This session invites digital projects—at any stage—that attempt to imagine the ways in which aspects of the early modern world can be visualized in digital spaces. We are particularly interested in projects that study the geographic movement of people and objects over time. Within this framework, we seek papers that explore the following questions: What are the spatial and temporal problems that early modern people, objects, and their metadata present to us? How can we reconcile the imprecision of historical sources with the required precision of digital technologies? How can we translate humanistic data into a digital platform in a way that captures the nuance of the source data? What are the limits of these methodologies?
This panel welcomes papers on topics related to Old and Middle English Language and Literature. Presenters are required to be members of SCMLA, but may join after acceptance. Please submit 500 word abstracts or complete papers to Rebecca Dark at firstname.lastname@example.org by March 31, 2016. Authors of accepted papers will be notified in April 2016. The conference will be held in Dallas, TX, Nov. 3-5, 2016.
"YOU ARE HERE": AN INTERDISCIPLINARY CONFERENCE ON PLACE, SPACE, AND EMBODIMENT
March 11-13, 2016 at Creighton University
At the root of every critical discussion, from politics to religion to student affairs, is a discussion of space, place, and location — where am I? Where can I go? Who else is here? Who cares?
Place holds a particular importance in understanding society and the social relations within it. With questions on the importance of this "ever-shifting social geometry of power and signification" (Massey 1994) that is the 'spatial,' "You Are Here," is a conference dedicated to exploring the questions and implications of space and place.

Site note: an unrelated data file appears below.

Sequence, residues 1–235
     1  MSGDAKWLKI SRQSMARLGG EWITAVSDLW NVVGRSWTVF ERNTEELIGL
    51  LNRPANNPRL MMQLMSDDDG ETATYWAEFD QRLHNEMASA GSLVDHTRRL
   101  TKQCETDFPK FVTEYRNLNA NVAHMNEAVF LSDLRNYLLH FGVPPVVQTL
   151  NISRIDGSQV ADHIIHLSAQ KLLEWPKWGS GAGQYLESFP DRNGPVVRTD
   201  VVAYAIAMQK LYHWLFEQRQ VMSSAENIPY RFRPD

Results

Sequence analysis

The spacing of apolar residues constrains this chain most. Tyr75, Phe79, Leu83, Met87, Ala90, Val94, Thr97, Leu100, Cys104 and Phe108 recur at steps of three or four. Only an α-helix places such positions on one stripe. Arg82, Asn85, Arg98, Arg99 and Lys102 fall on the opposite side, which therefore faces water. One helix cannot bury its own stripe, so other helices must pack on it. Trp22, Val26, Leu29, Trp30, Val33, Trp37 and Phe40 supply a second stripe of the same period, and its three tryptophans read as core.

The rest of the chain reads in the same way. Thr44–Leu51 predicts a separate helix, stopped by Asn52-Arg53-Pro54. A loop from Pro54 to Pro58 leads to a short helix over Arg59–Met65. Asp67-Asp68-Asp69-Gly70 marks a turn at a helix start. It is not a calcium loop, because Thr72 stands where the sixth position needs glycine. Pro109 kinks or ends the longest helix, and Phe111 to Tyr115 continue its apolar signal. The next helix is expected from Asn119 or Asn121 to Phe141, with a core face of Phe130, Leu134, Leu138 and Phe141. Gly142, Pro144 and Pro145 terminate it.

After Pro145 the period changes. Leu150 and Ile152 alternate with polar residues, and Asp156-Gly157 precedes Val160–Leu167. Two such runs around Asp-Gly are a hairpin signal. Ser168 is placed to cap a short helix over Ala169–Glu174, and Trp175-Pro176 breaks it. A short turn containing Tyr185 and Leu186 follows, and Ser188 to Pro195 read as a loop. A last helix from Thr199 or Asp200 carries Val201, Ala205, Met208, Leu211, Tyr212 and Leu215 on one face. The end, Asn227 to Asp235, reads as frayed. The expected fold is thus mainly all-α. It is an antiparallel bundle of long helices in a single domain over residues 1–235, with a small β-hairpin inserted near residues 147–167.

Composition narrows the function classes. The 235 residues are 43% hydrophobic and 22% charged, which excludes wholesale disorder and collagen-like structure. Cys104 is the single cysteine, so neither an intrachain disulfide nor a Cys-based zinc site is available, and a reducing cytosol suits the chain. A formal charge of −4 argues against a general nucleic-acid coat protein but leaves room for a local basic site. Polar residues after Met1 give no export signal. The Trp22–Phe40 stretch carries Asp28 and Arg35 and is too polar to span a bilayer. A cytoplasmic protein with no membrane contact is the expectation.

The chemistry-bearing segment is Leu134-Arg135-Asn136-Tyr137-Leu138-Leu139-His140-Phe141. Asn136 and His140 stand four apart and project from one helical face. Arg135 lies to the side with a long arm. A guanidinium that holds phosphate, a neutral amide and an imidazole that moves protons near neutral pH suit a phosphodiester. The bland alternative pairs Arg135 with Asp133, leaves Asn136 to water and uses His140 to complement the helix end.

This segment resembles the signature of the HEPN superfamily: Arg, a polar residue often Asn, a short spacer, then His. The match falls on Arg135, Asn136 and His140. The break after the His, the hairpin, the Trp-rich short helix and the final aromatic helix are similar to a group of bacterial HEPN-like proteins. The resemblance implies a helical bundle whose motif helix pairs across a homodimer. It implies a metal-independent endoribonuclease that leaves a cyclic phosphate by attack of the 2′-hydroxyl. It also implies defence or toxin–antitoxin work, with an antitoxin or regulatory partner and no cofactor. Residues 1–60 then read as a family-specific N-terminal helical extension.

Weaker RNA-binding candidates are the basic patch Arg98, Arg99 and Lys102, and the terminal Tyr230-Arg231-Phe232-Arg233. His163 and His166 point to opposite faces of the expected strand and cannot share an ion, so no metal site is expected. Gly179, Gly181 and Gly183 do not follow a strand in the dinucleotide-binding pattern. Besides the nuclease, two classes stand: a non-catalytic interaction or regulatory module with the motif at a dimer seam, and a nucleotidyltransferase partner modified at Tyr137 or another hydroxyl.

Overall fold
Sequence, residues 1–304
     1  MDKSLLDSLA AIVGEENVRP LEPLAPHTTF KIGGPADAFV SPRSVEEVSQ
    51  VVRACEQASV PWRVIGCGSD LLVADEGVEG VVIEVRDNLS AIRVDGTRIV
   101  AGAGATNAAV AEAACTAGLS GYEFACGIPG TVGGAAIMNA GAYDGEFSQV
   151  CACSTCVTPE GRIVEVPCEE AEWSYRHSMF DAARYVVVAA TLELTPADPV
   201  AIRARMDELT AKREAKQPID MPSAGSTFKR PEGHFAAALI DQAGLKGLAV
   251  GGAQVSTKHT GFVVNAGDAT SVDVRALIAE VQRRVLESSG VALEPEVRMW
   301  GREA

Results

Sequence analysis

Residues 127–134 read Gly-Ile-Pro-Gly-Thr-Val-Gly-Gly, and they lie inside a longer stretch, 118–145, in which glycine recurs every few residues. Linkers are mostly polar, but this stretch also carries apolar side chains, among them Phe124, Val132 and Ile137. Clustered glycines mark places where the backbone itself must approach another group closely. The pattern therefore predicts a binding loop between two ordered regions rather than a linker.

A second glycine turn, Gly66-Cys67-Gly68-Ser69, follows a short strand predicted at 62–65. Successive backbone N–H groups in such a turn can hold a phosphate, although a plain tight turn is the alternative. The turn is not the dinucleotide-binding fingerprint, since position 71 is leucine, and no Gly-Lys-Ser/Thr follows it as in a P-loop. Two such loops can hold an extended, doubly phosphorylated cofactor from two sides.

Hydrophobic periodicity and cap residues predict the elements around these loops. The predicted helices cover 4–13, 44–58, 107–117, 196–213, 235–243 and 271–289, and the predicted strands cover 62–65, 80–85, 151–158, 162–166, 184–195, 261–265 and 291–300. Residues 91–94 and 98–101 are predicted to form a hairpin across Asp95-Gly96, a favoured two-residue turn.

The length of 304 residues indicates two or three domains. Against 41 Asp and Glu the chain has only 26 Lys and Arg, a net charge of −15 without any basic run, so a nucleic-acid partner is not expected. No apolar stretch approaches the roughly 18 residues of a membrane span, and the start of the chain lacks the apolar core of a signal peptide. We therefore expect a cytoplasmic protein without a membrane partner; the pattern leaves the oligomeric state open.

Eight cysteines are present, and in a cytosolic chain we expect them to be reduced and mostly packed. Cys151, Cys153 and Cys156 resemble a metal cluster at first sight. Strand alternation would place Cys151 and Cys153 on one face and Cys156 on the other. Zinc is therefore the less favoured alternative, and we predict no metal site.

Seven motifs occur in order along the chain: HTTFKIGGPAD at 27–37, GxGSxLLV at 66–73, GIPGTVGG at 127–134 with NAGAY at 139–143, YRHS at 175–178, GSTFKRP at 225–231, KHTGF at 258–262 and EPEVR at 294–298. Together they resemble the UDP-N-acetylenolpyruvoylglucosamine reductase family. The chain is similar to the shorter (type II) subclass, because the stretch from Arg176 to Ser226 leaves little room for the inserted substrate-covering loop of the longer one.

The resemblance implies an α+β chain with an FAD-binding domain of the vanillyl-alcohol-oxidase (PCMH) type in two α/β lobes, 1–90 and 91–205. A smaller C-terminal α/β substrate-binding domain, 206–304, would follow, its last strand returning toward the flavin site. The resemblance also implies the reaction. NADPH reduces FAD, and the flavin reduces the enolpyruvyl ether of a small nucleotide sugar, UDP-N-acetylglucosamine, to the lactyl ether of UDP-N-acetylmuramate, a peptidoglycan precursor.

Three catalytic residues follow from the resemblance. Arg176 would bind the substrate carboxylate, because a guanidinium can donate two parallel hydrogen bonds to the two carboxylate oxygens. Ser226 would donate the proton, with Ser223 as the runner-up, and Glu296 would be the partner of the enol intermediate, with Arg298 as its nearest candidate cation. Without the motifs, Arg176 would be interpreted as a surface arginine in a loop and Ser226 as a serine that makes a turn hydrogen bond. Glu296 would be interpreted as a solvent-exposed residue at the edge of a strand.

One or two chapters sought from U.S. writers, poets, academic, public, school, special librarians, LIS and Creative Writing faculty, sharing practical know-how about outreach, workshops, literary festivals, readings, librarian/author/poet visits to schools and other groups, spotlights-on-authors, book talks/clubs. Interview format chapters by librarians/writers/poets welcomed.
No previously published, simultaneously submitted material. One, two, or three authors per chapter/interview; each by the same author(s). Compensation: one complimentary copy per 3,000-4,000 word chapter/interview accepted no matter how many co-authors, or if one or two chapters: author discount on more copies.
Daily Life through Literature: Culture and Society as Illustrated by Great Authors
Greenwood Publishing Group